$nameSpace = "";//WS-Security namespace
$userT = new SoapVar($username, XSD_STRING, NULL, $nameSpace, NULL, $nameSpace);
$passwT = new SoapVar($password, XSD_STRING, NULL, $nameSpace, NULL, $nameSpace);

In order to express <UserNameToken> tag with nested <Username> and <Password> tags inside, we need to define the intermediate class with private data members: $Username and $Password. Note that while the defined class may have an arbitrary name, the data members must have the same names as the corresponding XML tags. Our implementation creates a class named UsernameT1. The data members are assigned by the constructor.

Listing 3. The UsernameT1 class definition
class UsernameT1 {
 private $Username; //Name must be  identical to corresponding XML tag in SOAP header
 private $Password; // Name must be  identical to corresponding XML tag in SOAP header 
 function __construct($username, $password) {

Now, we can create the content of the complex XML tag <UsernameToken> as the SoapVar, whose type is not an XSD_STRING, but SOAP_ENC_OBJECT. In this case (unlike when creating an XSD string) the name of the created XML tag is also passed to the SoapVar constructor.

Listing 4. Creating a UserNameT1 instance and wrapping it into SoapVar
$tmp = new UsernameT1($userT, $passwT);
$uuT = new SoapVar($tmp, SOAP_ENC_OBJECT, NULL, $nameSpace, 'UsernameToken', $nameSpace);

This SoapVar will be wrapped into a UserNameT2 class with the private data member $UsernameToken. Again, the defined class may have an arbitrary name, but the data member must have the same name as the corresponding XML tag.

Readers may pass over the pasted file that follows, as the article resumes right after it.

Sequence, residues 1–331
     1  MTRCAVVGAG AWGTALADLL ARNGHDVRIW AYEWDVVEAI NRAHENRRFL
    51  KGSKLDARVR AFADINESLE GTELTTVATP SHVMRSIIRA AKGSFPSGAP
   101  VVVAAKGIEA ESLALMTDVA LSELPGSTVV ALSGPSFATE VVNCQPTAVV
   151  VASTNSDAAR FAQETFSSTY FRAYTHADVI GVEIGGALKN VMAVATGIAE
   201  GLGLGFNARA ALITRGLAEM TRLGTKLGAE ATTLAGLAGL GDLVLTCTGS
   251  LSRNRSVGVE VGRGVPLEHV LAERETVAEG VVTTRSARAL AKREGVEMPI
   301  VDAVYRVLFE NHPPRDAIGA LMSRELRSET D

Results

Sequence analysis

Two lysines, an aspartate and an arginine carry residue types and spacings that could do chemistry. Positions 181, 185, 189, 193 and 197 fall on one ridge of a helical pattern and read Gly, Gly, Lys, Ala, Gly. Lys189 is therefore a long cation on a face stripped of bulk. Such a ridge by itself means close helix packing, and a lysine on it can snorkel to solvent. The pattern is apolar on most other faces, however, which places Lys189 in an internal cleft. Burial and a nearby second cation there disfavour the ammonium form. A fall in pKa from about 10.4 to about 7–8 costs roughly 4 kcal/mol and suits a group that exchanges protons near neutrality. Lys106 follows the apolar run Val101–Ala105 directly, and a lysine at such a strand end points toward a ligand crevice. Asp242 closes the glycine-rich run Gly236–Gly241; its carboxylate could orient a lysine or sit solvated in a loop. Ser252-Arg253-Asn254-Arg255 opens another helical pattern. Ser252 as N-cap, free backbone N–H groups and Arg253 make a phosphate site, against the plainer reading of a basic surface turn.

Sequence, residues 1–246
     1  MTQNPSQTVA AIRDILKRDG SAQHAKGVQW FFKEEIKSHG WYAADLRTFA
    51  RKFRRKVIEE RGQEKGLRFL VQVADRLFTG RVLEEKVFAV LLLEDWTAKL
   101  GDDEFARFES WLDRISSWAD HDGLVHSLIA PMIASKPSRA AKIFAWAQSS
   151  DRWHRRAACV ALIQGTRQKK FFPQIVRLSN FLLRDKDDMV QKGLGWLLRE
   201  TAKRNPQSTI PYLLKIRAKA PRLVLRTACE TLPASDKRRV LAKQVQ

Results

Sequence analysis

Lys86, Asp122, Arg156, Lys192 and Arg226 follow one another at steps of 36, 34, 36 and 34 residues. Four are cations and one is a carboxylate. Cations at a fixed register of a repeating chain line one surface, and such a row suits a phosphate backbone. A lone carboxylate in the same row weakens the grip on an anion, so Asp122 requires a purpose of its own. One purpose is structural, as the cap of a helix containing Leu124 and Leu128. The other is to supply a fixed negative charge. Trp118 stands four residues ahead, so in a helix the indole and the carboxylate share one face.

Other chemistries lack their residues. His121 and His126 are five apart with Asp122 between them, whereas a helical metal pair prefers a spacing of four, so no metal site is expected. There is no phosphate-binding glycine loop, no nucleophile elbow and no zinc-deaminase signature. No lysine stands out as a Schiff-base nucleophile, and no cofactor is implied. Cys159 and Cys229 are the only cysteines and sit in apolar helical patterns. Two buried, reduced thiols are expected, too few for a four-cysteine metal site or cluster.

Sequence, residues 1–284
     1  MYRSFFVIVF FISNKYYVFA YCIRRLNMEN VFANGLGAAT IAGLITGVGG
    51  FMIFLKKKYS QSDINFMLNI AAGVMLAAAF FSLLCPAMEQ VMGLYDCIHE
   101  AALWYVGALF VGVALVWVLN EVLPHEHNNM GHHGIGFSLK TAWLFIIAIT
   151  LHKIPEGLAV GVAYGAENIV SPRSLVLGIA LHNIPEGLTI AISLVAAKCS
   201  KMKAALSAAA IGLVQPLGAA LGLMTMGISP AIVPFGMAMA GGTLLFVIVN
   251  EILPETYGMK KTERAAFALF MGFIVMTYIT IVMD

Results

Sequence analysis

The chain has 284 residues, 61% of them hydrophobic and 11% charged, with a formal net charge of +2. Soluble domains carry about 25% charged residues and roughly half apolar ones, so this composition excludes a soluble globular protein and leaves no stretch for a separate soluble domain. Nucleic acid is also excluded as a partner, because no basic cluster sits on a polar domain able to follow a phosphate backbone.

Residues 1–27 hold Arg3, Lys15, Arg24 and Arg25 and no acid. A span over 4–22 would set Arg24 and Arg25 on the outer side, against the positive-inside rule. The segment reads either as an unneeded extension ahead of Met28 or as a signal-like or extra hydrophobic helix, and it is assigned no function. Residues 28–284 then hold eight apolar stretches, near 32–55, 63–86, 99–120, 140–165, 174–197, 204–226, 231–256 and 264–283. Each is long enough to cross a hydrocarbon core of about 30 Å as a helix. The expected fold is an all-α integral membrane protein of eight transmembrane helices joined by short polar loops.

Listing 5. The UsernameT2 class definition
class UserNameT2 {
  private $UsernameToken;  
  //Name must be  identical to corresponding XML tag in SOAP header
  function __construct ($innerVal){
		$this->UsernameToken = $ innerVal;

A UserNameT2 instance is created and wrapped into a SoapVar:

Listing 6. Creating a UserNameT2 instance and wrapping it into SoapVar
$tmp = new UsernameT2($uuT);
$userToken = new SoapVar($tmp, SOAP_ENC_OBJECT, NULL, $nameSpace, 
 'UsernameToken', $nameSpace);

The UsernameToken object is attached to the parent <Security> XML tag, using the same method again, and the SoapHeader <Security> is now constructed:

Listing 7. Constricting the security header
$secHeaderValue=new SoapVar($userToken, SOAP_ENC_OBJECT, NULL, $nameSpace, 
                    'Security', $nameSpace);
$secHeader = new SoapHeader($nameSpace, 'Security', $secHeaderValue);

This header will be passed to the method __soapCall() of the SoapClient class as an element in the input_headers array. For example, when the security is the only input header:

Listing 8. Using the security header
$client->__soapCall($theMethodName, $theMethodSignature, null, $secHeader );